Julien's Juice

Sunday’s story on Julien Schaal and his eponymous wines was given a short back and sides to fit the space available. Here is the full story and a photo of the man himself.

js Julien's Juice

Le Figaro responded with irony to the call of French president Nicolas Sarkozy to have UNESCO declare French food part of the world’s heritage. “Opening the door of a restaurant, making a soufflé rise, shelling an oyster, will become part of cultural activity like going to sleep at the opera, yawning at the theatre or slumping over James Joyce’s Ulysses.” Although sleeping with an Irish writer will raise a few Gallic eyebrows when France’s own Marcel Proust has been performing the same service for generations.

As Sarko says “we have the best gastronomy in the world — at least from our point of view.” A point confirmed by the kombis full of French tourists making a bee-line for Franschhoekfranschhoekcellarwines Julien's Juice
by franschhoekwines
and the culinary delights of le Quartier Français. The French have already accepted that they make the best wine in the world. Which makes the achievement of Julien Schaal, selling the Chardonnay and Syrah he makes in the Newton-Johnson winery in the Hemel en Aarde valley to the restaurants and wine bars of Paris, all the more notable.

When the vineyards and winemakers of SA hibernate, Schaal returns to his native Alsace, making wine for his wife’s family at Domaine Blum and his own eponymous brand, even if “some people think naming your wine after yourself is arrogant.” But then a common European perception is “a young guy cannot make good wine.” Something twenty-something Schaal disproves every time a bottle of his flinty Riesling is opened on an Emirates flight.

After graduating from catering school in Strasbourg, “passionated by wine” he switched from appreciation to production at wine school in Beaune. Then after a spell at Vieux Télégraph on the Rhône, he traveled to the Bekaa Valley in Lebanon and then even further south, to Walker Bay and Bouchard Finlayson, following Bacchus.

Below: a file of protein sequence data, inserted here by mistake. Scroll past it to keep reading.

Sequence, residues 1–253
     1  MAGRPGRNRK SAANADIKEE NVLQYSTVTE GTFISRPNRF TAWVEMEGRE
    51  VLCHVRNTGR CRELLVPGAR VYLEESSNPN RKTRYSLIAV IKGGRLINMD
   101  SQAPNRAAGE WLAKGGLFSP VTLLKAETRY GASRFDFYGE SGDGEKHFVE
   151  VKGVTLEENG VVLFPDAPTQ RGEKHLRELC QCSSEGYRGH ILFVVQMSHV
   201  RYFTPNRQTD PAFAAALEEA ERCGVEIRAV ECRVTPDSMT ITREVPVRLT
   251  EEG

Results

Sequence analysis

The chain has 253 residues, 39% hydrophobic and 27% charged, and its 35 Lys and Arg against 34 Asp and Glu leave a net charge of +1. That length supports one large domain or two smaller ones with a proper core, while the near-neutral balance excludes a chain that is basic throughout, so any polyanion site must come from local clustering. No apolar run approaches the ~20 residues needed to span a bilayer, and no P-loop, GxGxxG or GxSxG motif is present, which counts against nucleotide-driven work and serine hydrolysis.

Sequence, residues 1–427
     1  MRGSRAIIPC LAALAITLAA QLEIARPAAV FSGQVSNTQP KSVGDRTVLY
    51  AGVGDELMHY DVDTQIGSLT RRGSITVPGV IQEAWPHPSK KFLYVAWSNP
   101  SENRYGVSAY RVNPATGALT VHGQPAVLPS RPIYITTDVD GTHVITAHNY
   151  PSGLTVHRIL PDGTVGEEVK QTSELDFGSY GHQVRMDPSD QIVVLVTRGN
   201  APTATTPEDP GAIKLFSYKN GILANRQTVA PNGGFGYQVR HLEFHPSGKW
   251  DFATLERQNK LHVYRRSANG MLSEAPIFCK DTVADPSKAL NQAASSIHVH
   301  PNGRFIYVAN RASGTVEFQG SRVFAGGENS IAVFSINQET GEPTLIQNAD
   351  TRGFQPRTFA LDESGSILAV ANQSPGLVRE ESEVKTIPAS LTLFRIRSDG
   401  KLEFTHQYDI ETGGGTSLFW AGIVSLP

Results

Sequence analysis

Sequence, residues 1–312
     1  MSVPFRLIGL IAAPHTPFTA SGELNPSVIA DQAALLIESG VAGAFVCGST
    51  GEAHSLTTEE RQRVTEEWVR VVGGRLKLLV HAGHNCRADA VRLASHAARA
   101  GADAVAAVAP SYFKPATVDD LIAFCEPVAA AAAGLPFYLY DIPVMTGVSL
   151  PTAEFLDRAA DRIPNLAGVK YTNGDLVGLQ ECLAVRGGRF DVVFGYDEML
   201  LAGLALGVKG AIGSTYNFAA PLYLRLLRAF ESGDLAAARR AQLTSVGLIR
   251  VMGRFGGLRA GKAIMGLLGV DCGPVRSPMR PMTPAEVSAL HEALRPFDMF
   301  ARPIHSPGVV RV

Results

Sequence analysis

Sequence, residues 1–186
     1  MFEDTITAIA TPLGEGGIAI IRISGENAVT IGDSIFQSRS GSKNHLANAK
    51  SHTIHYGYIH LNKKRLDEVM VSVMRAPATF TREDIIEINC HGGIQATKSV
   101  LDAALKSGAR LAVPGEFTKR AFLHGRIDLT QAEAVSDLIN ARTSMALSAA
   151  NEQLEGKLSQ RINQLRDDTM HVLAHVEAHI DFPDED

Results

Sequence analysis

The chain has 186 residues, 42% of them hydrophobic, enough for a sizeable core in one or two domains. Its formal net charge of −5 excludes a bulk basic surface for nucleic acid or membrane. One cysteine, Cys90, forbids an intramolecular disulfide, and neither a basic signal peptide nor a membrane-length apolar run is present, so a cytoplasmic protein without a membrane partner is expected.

This summer Julien can be found apologizing for the volume of the Doors Gordon Newton-Johnson blasts out of the hi-fi as he punches down chunky NJ reds from the high density plantings of Shiraz, Mourvèdre and Pinot Noir below the winery. “I play French music when I make my wine” admits Julien.

French:SA production runs at 4:1 at the moment, but a 50:50 split is the long term aim. All good news for lovers of elegant wines that have a minerality that is positively… French. Grapes for the 2006 vintage hail from a vineyard at Kaaimansgat, high in the mountains above Villiersdorp. A site made famous by Peter Finlayson with his Kaaimansgat Chardonnay for Bouchard Finlayson. At under R100 a bottle, it is competitively priced.

Even cheaper is the 2006 Shiraz, a cool-climate stunner from Elgin with intense structure and bright red fruit flavours, 10 000 Km away from those over-ripe, baked numbers from Paarl. So much for Elgin being too cold for Shiraz and another wine urban legend exploded.

Both wines are natural ferments – wild yeasts growing in the vineyards do the business, rather than commercial critters from Anchor – a technique Julien laughingly calls “base-jumping winemaking” as the downside is a barrel full of vinegar. While the slopes of the Hemel en Aarde valley may be a little too civilized for base-jumping, they are certainly proving their terroir for producing elegant wines with great balance and an invigorating freshness.